Parenting Teens and Being Successful? Part 4

This is the fourth post in the series. This post I am going to discuss the attitude of a parent. Check out the other posts in the series on the main page.

We all want to be successful, as parents we are many times lost as to what that means with teenagers. I am going to work through some biblical principles that will point us to success with parenting teens.


Our attitudes as parents set the tone for our teens lives.  Waking up and having a bad attitude will not just affect your teens but your entire outlook on life.  Does the bible directly address our attitudes?  It does with our relationship with God and with others.

Galatians 5:22-24 “But the fruit of the Spirit is love, joy, peace, patience, kindness, goodness, faithfulness, gentleness, self-control; against such things there is no law. And those who belong to Christ Jesus have crucified the flesh with its passions and desires.” (ESV)

All of those are attitudes of the heart.  We have attitudes that compete with the fruit of the Spirit.  How often as a parent are we not patient?  How often are we not gentle with our teen?  How often are we unkind?  You get the picture.  So what do we need to know to make our mission having the right attitude about parenting teens?

“Every teenager is also a sinner trying to learn how to live in God’s world and the kindness of Christ–hopefully learning what it means to be godly and learning about the dangers of sin.” (JBC, On Parenting)

Teenagers are not your enemy.  They are just like you, sinners in need of the grace of God that came through Jesus Christ.  They are different than that baby you raised.  Their lives now to not revolved around you and your pursuits.  They are trying to find their own pursuits.  In fact I personally like the term young adult better than teenager. Teenager is a rather recent term in the history of language with the first known usage in 1921.  Think of your teen as a young adult.  They want to make it out on their own.  But as a parent this means our hardest moments are yet to come.

“…I never expected that becoming a parent meant I would have to lay my life down for my children.  But that’s exactly what God calls me to do.  My redemption not only cost Christ His glory; it also cost Him His life. Christ models how I need to live as someone redeemed with costly love.” (JBC, On Parenting)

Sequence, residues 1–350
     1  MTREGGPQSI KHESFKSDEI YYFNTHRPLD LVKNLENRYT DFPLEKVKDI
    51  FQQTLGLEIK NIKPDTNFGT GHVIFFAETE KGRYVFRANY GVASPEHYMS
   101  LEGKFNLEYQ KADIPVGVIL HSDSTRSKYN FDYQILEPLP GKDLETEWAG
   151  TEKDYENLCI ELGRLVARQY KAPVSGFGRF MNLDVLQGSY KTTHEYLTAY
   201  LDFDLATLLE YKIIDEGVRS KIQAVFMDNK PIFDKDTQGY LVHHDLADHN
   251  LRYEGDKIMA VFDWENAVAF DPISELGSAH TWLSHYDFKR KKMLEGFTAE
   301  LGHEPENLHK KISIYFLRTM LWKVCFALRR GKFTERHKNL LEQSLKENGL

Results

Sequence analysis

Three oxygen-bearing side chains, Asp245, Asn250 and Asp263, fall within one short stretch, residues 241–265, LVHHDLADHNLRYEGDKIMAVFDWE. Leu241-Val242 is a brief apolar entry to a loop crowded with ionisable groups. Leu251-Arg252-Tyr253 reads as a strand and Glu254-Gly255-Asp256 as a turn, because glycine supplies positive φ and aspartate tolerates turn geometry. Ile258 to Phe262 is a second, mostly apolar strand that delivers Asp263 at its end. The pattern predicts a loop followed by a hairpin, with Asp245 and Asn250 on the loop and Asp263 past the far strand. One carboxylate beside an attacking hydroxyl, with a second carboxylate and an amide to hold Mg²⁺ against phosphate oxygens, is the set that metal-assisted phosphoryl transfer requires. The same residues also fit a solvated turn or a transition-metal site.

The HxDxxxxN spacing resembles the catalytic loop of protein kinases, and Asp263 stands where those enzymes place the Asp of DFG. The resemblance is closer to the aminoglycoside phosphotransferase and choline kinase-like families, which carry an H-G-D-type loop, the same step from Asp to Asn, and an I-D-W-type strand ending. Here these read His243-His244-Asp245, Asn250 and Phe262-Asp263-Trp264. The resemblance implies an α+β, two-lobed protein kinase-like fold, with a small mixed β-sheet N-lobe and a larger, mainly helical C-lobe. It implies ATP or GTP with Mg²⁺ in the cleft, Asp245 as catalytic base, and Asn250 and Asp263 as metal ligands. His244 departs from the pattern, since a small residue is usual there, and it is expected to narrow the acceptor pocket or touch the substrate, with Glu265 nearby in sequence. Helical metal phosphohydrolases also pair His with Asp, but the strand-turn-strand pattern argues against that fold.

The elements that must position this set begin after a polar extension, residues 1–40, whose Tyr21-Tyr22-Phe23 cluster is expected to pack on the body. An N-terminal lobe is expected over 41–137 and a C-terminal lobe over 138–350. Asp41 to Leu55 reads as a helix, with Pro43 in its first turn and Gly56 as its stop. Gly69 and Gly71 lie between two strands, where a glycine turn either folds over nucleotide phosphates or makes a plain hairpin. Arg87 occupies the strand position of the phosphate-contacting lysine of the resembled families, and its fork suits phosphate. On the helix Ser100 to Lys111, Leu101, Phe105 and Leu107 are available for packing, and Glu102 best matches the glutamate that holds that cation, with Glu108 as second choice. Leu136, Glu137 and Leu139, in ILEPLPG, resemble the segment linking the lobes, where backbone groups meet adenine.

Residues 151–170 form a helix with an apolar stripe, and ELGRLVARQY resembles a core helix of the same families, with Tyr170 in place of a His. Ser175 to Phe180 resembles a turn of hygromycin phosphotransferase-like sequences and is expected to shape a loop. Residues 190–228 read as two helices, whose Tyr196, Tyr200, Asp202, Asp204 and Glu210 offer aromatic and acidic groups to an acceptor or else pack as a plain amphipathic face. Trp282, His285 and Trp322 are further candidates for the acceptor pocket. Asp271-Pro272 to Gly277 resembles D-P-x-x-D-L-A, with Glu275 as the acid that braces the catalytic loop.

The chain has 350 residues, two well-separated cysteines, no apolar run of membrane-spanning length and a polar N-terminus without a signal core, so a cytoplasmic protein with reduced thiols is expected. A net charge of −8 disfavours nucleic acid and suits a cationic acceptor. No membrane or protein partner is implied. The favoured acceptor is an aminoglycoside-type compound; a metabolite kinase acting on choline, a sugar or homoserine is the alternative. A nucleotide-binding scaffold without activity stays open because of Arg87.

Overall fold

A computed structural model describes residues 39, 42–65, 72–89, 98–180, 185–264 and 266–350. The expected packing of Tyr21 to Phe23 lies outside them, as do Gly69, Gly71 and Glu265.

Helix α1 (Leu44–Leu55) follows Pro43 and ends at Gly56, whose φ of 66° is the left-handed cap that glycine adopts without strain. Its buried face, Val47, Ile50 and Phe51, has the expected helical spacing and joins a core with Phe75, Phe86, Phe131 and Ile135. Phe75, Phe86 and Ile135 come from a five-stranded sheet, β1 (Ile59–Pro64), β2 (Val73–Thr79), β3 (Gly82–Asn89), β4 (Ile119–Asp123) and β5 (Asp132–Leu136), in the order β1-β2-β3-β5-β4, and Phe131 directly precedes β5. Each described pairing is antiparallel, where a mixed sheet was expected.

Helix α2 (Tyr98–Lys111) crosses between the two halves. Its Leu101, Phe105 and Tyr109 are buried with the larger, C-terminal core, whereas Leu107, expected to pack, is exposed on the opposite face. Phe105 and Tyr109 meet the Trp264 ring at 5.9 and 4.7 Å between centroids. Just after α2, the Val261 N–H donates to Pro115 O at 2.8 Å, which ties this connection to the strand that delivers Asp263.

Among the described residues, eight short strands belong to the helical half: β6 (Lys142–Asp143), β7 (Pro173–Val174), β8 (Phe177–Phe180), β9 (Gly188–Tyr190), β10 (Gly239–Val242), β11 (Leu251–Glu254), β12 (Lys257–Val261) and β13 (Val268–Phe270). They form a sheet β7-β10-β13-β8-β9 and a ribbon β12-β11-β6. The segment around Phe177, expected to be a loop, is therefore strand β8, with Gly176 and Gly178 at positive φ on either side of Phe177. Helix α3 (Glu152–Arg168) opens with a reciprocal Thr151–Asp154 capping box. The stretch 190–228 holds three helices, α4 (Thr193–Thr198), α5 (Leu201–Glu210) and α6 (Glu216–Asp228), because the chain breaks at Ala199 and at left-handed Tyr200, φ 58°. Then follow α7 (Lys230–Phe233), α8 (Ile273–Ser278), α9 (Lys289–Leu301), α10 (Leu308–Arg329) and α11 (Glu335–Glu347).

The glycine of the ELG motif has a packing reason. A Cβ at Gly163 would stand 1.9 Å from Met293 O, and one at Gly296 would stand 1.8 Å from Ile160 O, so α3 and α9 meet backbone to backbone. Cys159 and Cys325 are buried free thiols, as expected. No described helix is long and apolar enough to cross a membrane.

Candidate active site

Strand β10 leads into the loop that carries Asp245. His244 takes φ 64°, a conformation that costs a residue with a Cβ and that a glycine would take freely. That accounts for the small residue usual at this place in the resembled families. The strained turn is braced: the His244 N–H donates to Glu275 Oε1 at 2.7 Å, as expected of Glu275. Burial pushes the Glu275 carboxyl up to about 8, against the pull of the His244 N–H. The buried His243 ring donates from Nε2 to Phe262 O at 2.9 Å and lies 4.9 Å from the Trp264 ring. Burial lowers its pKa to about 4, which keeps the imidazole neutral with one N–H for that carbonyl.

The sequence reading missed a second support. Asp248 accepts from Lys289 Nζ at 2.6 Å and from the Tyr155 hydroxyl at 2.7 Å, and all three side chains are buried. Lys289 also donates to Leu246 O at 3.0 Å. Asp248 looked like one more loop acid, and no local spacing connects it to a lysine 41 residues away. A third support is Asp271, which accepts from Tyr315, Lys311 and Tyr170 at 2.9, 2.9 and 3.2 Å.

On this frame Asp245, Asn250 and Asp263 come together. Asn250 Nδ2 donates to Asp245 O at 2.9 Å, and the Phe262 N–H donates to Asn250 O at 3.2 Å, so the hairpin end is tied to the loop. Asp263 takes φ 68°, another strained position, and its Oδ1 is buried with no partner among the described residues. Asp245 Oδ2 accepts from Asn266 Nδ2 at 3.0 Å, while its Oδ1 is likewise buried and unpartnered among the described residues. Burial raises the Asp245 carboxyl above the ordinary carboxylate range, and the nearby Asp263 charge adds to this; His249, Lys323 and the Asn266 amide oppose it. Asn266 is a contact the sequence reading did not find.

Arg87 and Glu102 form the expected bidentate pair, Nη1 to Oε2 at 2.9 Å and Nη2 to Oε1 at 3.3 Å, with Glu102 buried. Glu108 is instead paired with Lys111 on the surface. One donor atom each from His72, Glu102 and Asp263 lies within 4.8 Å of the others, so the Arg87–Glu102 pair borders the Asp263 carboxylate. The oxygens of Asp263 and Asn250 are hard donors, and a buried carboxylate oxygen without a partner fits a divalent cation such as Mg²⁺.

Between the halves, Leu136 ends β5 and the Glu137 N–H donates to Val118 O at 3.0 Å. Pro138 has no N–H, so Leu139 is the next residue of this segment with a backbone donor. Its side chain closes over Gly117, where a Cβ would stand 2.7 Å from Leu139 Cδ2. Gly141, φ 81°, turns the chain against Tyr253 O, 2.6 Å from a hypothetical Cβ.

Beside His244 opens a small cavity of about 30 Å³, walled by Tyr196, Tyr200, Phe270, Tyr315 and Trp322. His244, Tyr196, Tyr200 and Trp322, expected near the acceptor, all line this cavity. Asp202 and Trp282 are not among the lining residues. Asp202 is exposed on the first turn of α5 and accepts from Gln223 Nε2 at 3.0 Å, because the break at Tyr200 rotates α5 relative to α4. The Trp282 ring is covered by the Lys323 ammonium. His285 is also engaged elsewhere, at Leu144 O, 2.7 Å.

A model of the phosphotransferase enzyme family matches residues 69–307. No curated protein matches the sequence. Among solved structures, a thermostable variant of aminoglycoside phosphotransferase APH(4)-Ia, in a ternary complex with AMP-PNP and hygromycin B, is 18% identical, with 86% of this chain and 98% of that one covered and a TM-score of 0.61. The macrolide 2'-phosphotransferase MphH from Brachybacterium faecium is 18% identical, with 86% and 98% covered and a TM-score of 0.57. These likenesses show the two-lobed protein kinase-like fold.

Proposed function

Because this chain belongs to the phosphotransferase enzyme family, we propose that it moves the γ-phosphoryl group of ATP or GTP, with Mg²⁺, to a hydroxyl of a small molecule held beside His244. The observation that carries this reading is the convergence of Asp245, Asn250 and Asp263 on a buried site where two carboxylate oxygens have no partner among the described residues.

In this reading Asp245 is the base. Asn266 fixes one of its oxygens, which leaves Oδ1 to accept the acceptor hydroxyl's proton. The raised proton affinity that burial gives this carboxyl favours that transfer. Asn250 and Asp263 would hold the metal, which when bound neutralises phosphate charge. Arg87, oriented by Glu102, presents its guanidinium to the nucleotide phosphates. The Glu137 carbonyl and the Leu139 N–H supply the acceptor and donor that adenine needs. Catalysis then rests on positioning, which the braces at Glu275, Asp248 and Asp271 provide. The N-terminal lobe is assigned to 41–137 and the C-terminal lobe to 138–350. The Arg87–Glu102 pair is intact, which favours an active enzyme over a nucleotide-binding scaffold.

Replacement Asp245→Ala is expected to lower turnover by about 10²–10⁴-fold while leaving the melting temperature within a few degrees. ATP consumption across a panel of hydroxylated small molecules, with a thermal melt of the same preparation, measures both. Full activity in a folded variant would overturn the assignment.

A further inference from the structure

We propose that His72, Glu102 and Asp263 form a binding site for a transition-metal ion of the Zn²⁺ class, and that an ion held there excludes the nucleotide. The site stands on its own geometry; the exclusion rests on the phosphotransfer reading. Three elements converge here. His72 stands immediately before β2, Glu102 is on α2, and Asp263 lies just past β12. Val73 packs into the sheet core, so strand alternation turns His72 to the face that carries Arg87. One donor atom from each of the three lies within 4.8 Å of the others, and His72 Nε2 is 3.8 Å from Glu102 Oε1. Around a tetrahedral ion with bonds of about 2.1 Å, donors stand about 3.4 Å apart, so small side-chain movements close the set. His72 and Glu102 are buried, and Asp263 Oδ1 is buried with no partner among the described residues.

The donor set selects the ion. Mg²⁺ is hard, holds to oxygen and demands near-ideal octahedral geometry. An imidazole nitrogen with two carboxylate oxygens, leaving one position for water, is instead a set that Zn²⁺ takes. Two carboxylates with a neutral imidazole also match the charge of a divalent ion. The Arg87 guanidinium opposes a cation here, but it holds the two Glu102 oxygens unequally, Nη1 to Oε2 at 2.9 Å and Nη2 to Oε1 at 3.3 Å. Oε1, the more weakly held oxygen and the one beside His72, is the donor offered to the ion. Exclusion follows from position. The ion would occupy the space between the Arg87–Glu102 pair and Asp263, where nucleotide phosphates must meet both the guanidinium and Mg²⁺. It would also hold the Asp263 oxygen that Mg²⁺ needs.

I confess, I am not a parent of a teen.  At one point I was personally responsible for multiple teens but that is nothing compared to the emotions produced by your own flesh and blood.  At the birth of my daughter I was overcome by emotion, tears of joy flooded my eyes.  I would do anything righteous for her.  Maybe you have adopted, what was it like the first day your son or daughter came home?

My prayer is that we as parents don’t get lost in our agenda, but get lost in God’s agenda for us as parents.

“We must come to a position where we say, “Nothing that I will ever be or do will rival the importance of God’s work in the formation of my children’s souls.  Nothing is more important than that.  That demands some hard choices.” (JBC, On Parenting)

Our mind about our families have to change.  Our lifestyle has changed so much.  For example:

“What man today would call his boss and say, “I’m going to be two hours late because I’m sorting out a difficult problem in our home and it needs to be dealt with now.”  Instead, you say to your wife, “I can’t talk about that now because I have to be on time for work.” (JBC, On Parenting)

Guilty as charged.  Its not always dad, it might be mom.  This is not something that comes easy; taking the time to prioritize your family and your teens before your career takes intentional parenting.  As parents, we need to set the priority of God forming the heart and soul’s of our children above all else.  For you this might mean accepting a demotion at work so you can spend more time with your young adult.  This might mean switching careers so you can spend time with your family.  This might mean blocking off time that is for family.

Sit down with your husband or wife (if your married) or with someone you trust.  Start with prayer, because God is the God of all wisdom.  You might need to make major changes to align yourself with God’s plan for your teen.   Make a list of what is important and take steps to get to where your attitudes in parenting your teens match up with the fruit of the Spirit.  Ask lots of how questions: How can I be loving to our teen?  How can I…?  Pray about the steps you are going to take.  God is the one that can change you and your teen!

Next week I will be posting the fifth part of this series titled “Parents, Teens, and the Bible?” 

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